PULLMAN, Wash. — Dozens of students and their robots — all with functions
and minds of their own — competed in contests of speed, agility and climbing
ability as their “final exam” in December at Washington State University.

The robots emerged from a mountainous supply of Lego parts in Mindstorm
Robot Kits, donated to WSU’s freshman engineering design class.

The introductory design class is meant to give potential engineering students
their first taste of creating in teams and having some fun while so doing.
Students say “it’s a blast” to create robot athletes with Legos, adding special
sensors, gears, motor drives and other doodads.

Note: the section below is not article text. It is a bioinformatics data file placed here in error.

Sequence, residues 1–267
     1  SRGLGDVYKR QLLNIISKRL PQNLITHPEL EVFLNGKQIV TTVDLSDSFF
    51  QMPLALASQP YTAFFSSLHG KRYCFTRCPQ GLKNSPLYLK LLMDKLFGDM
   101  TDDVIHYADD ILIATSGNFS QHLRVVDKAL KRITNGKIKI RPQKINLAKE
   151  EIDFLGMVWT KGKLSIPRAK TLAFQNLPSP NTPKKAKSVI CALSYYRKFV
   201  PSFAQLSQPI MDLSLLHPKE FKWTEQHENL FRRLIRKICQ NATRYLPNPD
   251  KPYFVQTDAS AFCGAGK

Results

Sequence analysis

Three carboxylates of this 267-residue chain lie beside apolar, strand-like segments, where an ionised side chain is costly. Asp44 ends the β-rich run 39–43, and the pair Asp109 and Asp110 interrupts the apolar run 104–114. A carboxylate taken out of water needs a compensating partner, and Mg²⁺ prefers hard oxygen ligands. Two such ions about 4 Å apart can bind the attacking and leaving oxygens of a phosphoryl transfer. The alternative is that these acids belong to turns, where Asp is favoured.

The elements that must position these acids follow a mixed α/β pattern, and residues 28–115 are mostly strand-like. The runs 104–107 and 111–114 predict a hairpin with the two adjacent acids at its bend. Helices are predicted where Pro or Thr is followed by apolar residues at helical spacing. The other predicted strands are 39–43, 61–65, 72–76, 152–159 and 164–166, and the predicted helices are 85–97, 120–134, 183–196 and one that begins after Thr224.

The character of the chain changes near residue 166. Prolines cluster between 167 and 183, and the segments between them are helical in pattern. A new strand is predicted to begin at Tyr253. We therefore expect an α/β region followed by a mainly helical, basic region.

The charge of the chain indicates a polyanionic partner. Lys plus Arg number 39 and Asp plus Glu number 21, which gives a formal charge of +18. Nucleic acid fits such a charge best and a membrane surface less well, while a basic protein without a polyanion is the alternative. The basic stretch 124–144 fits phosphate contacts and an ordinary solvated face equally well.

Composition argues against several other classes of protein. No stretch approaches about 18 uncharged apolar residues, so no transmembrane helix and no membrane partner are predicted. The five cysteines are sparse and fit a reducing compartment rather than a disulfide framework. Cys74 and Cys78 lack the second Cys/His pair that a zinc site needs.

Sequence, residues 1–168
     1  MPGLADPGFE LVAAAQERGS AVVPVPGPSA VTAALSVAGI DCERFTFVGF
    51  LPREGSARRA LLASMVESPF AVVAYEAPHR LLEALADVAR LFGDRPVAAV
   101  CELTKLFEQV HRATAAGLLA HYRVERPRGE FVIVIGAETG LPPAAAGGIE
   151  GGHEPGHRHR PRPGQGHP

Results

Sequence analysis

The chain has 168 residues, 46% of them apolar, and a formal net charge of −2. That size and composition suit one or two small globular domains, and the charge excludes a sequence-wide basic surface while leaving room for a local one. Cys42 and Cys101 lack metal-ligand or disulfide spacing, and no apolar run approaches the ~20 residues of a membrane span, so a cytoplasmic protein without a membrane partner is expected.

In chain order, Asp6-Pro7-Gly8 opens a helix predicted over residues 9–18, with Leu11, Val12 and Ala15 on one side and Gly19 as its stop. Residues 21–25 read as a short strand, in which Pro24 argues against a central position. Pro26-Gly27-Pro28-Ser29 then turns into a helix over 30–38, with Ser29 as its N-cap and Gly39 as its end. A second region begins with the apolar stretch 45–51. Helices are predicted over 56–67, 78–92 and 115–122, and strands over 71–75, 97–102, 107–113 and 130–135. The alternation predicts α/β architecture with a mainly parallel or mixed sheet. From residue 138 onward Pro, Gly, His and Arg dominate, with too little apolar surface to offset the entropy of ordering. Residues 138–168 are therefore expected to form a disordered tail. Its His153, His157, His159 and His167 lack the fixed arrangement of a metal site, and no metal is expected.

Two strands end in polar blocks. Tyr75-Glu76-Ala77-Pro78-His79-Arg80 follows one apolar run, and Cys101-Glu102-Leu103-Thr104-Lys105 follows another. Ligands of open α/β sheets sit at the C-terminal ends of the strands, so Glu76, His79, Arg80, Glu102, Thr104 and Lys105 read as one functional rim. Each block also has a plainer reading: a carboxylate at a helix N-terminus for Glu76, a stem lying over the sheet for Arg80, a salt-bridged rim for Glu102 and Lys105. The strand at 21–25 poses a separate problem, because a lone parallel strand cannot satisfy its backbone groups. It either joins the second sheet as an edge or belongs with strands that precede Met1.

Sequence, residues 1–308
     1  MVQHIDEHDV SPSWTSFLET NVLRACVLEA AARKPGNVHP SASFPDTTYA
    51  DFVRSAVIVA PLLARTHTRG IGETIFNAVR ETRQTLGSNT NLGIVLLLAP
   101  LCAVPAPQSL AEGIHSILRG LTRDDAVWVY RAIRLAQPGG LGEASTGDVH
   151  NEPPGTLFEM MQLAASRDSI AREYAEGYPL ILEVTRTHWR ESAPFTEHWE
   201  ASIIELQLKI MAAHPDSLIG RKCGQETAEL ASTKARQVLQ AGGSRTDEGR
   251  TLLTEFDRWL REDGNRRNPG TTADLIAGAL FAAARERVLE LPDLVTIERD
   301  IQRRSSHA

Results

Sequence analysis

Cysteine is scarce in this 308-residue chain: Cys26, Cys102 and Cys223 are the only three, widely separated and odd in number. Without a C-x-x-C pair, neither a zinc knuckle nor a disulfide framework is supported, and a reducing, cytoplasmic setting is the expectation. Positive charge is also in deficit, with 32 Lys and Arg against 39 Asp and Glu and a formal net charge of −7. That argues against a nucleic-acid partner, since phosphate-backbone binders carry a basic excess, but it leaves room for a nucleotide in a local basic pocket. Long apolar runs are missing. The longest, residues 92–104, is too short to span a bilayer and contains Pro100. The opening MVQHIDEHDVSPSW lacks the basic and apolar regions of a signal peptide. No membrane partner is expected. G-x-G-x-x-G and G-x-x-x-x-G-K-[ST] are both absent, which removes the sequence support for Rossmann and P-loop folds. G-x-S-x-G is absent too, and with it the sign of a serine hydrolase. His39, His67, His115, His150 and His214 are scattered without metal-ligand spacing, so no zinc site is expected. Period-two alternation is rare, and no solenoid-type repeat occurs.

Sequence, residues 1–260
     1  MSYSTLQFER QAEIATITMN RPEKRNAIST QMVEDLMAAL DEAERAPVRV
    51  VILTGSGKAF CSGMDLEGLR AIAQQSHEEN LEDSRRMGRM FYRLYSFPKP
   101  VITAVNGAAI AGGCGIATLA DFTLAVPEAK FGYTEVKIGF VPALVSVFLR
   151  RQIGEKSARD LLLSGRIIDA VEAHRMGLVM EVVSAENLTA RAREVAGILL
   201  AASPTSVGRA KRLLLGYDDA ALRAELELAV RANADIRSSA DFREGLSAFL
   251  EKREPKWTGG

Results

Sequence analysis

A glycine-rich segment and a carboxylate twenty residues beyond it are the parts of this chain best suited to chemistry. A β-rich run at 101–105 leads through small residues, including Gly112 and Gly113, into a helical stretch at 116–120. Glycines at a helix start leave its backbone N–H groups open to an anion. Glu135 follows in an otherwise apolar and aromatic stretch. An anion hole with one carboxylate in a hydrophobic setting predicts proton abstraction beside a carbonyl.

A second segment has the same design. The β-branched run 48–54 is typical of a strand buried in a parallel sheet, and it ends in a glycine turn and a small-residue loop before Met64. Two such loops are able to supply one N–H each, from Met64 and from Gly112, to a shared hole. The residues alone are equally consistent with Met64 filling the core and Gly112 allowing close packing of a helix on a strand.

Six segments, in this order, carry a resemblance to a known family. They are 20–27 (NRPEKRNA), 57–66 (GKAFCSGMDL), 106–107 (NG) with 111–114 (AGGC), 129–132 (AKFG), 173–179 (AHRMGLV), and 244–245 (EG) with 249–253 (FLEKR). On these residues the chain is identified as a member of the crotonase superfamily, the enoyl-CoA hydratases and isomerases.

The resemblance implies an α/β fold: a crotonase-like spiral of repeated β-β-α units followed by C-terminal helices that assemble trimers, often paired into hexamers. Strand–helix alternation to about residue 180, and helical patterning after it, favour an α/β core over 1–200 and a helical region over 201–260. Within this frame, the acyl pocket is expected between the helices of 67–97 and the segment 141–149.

The winner of the team competition created a robot able to finish all three
events autonomously.

The robot kits were purchased with a $10,000 gift from the Charles DeVlieg
Foundation. The foundation is headed by Janet DeVlieg Pope, a Clarkston
resident who with her husband, Jim Pope, owns and operates an airstrip and
helicopter service in Clarkston. The foundation, which spun off from her father
C.B DeVlieg’s machine and tool manufacturing company in Royal Oak,
Michigan, supports engineering education at U of I, Lewis-Clark College, and
WSU, as well as local wildlife research.

Students learned about mechanics, sensors, programming and strategic
planning with their projects — as well as working in teams. The kits will be
ready for use by another batch of future technology leaders at WSU this
spring.

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